“So far, philosophy has paid little attention to the home,” says Emanuele Coccia – much to his regret. As a professor of the history of philosophy in Paris, he wants to change that with his handy and eye-opening book “The Home – Philosophy of a Seemingly Familiar Place”. We present some of the key findings from this.
1. Only at home is everything that is important to us
“We build houses,” writes Coccia, “to comfortably accommodate that part of the world that is essential to our personal happiness.” By that he means your favorite bed linen just as much as the apron you inherited from grandma or grandpa, or the children’s first toys, which are still in the room they have long since moved out of.
But Coccia draws our attention far beyond the items and furniture we accumulate. The people we need are also often in our home: partners, children, sometimes also parents, grandparents, neighbors or friends. And, of course, the laboriously raised and carefully tended oleander on the balcony or the cat that has been waiting more or less longingly for our return. Memories and dreams are also part of our homes. It is the “museum of our self”, located in Coccia.
2. We keep coming back there
As nice as the vacation trip may have been: “Sooner or later we have to return home,” writes Coccia. “Because we can inhabit this planet always and only thanks to and by means of a home.” We only live in a certain city or a special region because our apartment, house, tent or mobile home is there.
We usually stick to this in everyday life as well Not all day long in our home. It’s “the place of return,” according to Coccia. After a long day at work, after a weekend trip, after a summer holiday, a business trip or a stay abroad – this is where we come back. It is a reliable shelter from which to go out into the world. The familiar remains at home, even when we wander far away.
3. Here we have our own bathroom
A short historical excursion shows that the bathroom was not integrated into apartments and houses until late. For many years of human history it was outside of the living room, in the garden or in the hallway. Coccia writes that following the example of US hotels, the bathroom became part of modern living in the 20th century. “Bathroom brought into the daily privacy of the individual something that until then had been more of a communal nature, namely cleaning and caring for the body,” he explains.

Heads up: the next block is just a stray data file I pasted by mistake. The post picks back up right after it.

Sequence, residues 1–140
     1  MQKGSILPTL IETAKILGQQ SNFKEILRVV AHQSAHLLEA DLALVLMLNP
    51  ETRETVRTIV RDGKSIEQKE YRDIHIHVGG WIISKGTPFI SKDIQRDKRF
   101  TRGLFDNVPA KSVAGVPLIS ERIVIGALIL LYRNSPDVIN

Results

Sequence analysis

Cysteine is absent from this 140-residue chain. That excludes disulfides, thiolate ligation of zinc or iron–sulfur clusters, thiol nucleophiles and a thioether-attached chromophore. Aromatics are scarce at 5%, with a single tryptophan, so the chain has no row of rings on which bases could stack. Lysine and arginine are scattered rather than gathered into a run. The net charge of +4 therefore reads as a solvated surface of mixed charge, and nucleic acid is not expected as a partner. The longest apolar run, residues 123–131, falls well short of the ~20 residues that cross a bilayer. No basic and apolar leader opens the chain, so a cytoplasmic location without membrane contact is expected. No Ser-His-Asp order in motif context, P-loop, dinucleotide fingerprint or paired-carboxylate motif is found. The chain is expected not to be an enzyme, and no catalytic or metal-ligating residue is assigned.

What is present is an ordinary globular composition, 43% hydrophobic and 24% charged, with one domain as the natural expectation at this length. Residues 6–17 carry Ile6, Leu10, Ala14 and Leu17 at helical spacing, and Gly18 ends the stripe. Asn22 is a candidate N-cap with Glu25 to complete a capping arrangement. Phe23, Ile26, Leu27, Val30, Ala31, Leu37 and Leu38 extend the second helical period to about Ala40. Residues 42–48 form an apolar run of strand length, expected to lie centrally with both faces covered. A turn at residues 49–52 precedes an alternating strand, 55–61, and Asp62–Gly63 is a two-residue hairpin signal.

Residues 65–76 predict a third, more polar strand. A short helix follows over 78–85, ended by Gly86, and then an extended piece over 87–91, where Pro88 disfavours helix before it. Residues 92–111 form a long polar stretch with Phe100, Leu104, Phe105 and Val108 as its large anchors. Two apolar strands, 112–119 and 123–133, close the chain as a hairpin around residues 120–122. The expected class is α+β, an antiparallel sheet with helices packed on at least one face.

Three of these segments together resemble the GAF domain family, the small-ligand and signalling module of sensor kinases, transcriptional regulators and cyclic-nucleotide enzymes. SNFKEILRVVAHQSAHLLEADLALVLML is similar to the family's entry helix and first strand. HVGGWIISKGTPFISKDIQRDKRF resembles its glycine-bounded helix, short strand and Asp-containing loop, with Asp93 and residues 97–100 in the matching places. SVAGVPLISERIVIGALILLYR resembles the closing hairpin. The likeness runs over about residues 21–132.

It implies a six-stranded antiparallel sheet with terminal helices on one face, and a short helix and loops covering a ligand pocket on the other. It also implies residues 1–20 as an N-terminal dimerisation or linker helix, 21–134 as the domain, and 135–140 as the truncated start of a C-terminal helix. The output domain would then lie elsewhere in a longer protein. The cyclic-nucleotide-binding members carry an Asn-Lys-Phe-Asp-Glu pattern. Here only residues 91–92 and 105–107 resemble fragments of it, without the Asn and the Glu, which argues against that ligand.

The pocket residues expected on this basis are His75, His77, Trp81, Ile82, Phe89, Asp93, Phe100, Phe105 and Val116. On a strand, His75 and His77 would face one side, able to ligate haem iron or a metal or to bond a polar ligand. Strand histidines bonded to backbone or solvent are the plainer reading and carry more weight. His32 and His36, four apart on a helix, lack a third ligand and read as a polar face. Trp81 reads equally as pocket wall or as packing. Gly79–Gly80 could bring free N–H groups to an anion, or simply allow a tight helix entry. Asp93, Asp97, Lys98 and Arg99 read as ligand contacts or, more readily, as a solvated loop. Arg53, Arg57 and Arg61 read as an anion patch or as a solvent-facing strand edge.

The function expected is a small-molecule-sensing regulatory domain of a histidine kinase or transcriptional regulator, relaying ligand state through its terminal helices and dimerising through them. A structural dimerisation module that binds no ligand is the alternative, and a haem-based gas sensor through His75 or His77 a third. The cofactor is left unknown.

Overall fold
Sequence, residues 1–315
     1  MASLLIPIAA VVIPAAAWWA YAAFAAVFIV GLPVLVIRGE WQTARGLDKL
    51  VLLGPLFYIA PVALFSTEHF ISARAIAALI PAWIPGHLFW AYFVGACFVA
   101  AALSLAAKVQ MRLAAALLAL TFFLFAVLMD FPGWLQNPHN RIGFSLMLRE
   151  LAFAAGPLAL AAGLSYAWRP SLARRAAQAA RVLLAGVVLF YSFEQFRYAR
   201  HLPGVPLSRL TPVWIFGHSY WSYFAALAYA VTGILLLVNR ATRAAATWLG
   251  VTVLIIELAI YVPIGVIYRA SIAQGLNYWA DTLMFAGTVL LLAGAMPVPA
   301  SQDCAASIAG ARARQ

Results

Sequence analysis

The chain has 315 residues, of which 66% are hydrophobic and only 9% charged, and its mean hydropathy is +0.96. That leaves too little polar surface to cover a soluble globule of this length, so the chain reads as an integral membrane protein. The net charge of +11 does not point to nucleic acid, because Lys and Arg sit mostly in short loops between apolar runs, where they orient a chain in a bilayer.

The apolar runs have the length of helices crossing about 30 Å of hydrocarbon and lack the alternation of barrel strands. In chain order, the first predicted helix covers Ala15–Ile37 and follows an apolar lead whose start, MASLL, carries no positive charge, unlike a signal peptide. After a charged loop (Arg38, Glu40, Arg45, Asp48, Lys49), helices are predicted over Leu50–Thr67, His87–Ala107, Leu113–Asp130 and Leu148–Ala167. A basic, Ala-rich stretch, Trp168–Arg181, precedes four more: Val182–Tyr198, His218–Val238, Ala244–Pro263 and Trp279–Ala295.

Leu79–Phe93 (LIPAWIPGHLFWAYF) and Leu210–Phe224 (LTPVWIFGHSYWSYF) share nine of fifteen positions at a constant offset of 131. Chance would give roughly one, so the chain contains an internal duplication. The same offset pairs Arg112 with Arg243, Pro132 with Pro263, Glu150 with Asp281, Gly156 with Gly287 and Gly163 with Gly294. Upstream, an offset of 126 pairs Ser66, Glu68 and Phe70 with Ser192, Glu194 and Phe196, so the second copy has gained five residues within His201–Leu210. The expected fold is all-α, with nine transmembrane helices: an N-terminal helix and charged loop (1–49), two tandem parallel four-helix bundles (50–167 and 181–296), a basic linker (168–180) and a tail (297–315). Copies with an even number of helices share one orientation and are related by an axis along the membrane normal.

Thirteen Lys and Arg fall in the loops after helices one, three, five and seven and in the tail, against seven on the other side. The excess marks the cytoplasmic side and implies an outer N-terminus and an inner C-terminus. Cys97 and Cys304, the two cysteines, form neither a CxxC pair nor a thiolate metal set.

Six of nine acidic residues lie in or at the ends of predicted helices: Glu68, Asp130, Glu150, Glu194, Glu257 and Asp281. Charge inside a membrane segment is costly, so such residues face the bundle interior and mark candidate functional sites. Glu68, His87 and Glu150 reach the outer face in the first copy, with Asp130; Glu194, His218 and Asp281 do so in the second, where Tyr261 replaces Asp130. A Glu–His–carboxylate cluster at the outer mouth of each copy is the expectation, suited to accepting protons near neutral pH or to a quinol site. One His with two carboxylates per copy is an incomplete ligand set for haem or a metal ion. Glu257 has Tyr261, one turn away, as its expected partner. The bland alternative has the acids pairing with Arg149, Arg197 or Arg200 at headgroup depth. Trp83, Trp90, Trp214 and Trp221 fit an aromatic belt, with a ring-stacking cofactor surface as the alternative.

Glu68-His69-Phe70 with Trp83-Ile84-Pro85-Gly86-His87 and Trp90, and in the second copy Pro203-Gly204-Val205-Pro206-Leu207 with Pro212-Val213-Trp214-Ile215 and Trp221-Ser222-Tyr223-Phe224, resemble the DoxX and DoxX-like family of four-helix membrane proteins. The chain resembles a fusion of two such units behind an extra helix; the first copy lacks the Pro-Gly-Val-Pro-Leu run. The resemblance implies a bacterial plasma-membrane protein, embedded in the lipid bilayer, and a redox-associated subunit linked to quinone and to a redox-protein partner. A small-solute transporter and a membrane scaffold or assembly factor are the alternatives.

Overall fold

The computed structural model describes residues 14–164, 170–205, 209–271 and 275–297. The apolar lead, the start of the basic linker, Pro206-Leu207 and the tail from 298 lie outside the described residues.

However, Coccia also sees this critically, especially for men. The lockable bathroom – just like gender-separated toilets in public spaces – led men to “deal with the organs of Eros in absolute isolation”. Boys and men in particular have to learn that their bodies are there to “give joy to ourselves and to others”. That you don’t have to be ashamed of them or hide them, that no secrets have to be kept about eroticism and love.
Nevertheless, one or the other who returns from a holiday at the campsite in the summer months will probably be relieved to finally be able to shower in his own bathroom again – and to lock the door.
4. Our wardrobe is at home
We keep our clothes in our homes. We can take some of them with us in our suitcases and wear them on our bodies on vacation. “Clothing is a concept of happiness that is inextricably linked to our body,” explains Coccia, “and can therefore accompany it everywhere.”
Coccia calls our wardrobe the “mobile body” of our home. Through how we dress, we can take our home, our identity, our attitude towards life out into the public eye.
That even has revolutionary potential, writes the philosophy professor: “When Coco Chanel was her silhouette neuve “By borrowing lines and fabrics from menswear, she created not only another opportunity for ostentatious consumption, but also a new female identity,” says Coccia. “Because women who dressed that way indicated that they were no longer willing to be reduced to their supposed duties of representation, but were quite able to work and play sports.” That’s fine to show off – whether at home or abroad.
5. Love is lived at home
It is the most beautiful of all feelings – and it is precisely this that has its place in the home, writes Emanuele Coccia: “Love is lived, cherished and celebrated in the home. It is the domestic secret par excellence.”
It’s a secret because nobody else sees it in our home. Only we who participate in it know what it really looks like. The partner’s quirky habits, the annoying tics, the sweatpants that he or she would never wear around town but spends hours in them on the sofa: everything is visible at home.
Here, too, Coccia allows himself the philosopher’s critical eye: Because the home was defined as a private space in which nobody has any business, not even philosophy, it has become “a space of injustice, in which oppression, injustice and inequality became an unconscious, self-replicating habit.”
According to Coccia, this is particularly treacherous for the relationship between women and men: “The inequality between the sexes, for example, has its roots in the home.” Think of the millennia-old belief in patriarchal societies that women “belong in the stove” or the increase in cases of domestic violence during the corona pandemic.
This is precisely why, argues Coccia, a “philosophy of the home” is needed – so that the home becomes the place where “we can be happy together with others in the here and now.”
“Home – Philosophy of a seemingly familiar place” by Emanuele Coccia will be published by Hanser-Verlag on August 22, 2022, translated from Italian by Andreas Thomsen.